microwave tubes and particle accelerators which operate at substantially zero pressures;

circulators, insulators, coaxial lines and waveguides in which a gas may be trapped in order to increase their power-level maintenance capability. The pressure of said gas may attain 3 kg/cm2.

A microwave window must therefore have sufficient strength to withstand a pressure of 1 kg/cm2 when it is associated with a microwave device which operates at low pressure and to withstand a pressure of 3 kg/cm2 when it is associated with a device which operates at high pressure.

Furthermore, it must be possible to use a microwave window over a wide frequency band in which it does not exhibit internal resonances known as ghost modes, in which it has a low standing-wave ratio and then reflections occur only to a limited extent.

This invention is more particularly concerned with microwave windows employed in rectangular-section waveguides, but the windows in accordance with the invention can also be employed in waveguides having any cross-section such as cylindrical or elliptical, for example.

Various types of windows employed in rectangular-section waveguides are known in the prior art.

Waveguide windows can be made solely of dielectric material, in which case they can comprise:

either a dielectric plate having a thickness λo /2 which occupies the entire cross-section of the waveguide, where λo is the wavelength corresponding to the central frequency F0 for which the window has been realized,

or a dielectric plate having a thickness λo /4 which occupies the entire cross-section of the waveguide and is extended at the center by two lateral portions having an electrical length λo /4 which occupy approximately one-third of the total height of the waveguide;

or a simple thin dielectric plate in a circular waveguide section which is coupled to the rectangular waveguide.

Said windows can also be constituted by an inductive shutter and by a dielectric plate having a small thickness which is substantially equal to that of the shutter.

In the prior art, the windows employed in rectangular-section waveguides suffered from a disadvantage in that they had a very narrow operating frequency band. This defect is essentially due to the presence of ghost modes in the case of windows having a large volume of dielectric material and to a low standing-wave ratio in the case of windows provided with an inductive shutter and a dielectric plate since matching can be achieved only in respect to a given frequency.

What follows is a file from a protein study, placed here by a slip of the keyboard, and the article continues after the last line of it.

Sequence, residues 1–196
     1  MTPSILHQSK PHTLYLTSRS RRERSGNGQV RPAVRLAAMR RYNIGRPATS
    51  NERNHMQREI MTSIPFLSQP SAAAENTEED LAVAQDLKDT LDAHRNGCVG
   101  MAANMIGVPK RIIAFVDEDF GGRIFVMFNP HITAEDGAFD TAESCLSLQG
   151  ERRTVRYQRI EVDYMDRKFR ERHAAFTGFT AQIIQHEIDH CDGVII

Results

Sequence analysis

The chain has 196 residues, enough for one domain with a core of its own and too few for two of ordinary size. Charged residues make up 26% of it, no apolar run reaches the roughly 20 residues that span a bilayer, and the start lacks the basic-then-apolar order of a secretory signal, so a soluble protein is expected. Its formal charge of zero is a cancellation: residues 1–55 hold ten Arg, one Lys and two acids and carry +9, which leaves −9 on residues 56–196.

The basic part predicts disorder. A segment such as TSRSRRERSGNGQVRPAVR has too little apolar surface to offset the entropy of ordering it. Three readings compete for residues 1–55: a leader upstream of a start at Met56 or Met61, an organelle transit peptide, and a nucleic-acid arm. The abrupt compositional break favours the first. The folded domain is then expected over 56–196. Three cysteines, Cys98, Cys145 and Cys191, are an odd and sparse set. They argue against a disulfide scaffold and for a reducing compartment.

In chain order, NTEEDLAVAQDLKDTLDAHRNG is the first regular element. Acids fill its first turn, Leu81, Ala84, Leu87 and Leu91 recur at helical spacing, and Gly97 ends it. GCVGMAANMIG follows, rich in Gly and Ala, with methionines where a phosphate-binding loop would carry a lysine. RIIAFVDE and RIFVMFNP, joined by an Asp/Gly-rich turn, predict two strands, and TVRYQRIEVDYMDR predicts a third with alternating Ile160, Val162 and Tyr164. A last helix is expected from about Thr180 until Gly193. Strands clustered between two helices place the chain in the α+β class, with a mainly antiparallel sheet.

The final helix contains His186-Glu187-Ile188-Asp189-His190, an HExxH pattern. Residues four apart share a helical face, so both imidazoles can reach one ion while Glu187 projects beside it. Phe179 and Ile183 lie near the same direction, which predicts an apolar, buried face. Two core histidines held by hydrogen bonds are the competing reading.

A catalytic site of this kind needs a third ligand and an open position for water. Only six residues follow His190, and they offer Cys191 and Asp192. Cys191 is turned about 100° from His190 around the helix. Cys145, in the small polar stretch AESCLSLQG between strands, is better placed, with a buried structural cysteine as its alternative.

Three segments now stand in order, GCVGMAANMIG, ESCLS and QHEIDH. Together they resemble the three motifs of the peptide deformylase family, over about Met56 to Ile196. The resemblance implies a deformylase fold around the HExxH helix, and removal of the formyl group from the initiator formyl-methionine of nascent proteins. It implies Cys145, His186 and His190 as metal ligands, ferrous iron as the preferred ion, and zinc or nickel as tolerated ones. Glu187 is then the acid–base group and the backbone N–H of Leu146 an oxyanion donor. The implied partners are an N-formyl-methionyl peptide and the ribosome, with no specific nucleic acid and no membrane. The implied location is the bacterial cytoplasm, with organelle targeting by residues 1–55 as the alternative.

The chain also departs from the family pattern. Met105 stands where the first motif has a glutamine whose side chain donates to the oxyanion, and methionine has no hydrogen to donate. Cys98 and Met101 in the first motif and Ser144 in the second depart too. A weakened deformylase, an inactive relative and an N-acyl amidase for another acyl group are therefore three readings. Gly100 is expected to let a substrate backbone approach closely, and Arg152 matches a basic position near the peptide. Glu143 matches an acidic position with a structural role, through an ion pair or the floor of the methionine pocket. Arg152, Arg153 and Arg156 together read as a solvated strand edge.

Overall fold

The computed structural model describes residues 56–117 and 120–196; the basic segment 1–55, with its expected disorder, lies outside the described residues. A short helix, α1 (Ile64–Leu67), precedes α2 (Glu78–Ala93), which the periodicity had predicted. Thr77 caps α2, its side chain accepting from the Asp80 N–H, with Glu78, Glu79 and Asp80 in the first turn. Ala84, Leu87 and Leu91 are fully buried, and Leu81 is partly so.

Thus in the case of windows in accordance with the prior art, the operating bandwidth is usually of the order of 10 to 20% of the central frequency with respect to the central frequency with a standing-wave ratio either lower than or equal to 1:15.

The windows in accordance with the invention are not subjected to the disadvantages outlined in the foregoing.

The microwave window in accordance with the invention is constituted by:

a half-wave impedance transformer, the wavelength considered being such as to correspond to the central frequency F0 for which the window has been realized,

at least one inductive shutter mounted above the half-wave transformer at its middle, the remainder of the window being constituted by at least one dielectric plate having a small thickness which is substantially equal to that of the shutter.

The dimensions of the window components are so determined that, in the case of a matched microwave device, the standing-wave ratio of the window is substantially equal to one in a frequency band of at least 35% of the central frequency around the central frequency.

In a preferred embodiment of the invention, two inductive shutters which may or may not have equal dimensions are mounted above the transformer at the center thereof and are located on each side of a dielectric plate.

The advantage of the windows in accordance with the invention lies in the fact that they do not exhibit any internal resonances throughout the normal operating band of the waveguide at the fundamental mode. By virtue of this feature, the operating bandwidth with respect to the center frequency can be multiplied by 2 or 3 in comparison with windows of the prior art, the standing-wave ratio being lower than 1:10.

These and other features of the invention will be more apparent to those skilled in the art upon consideration of the following description and accompanying drawings, wherein:

FIGS. 1 to 4 are views in perspective showing windows employed in the prior art in rectangular-section waveguides;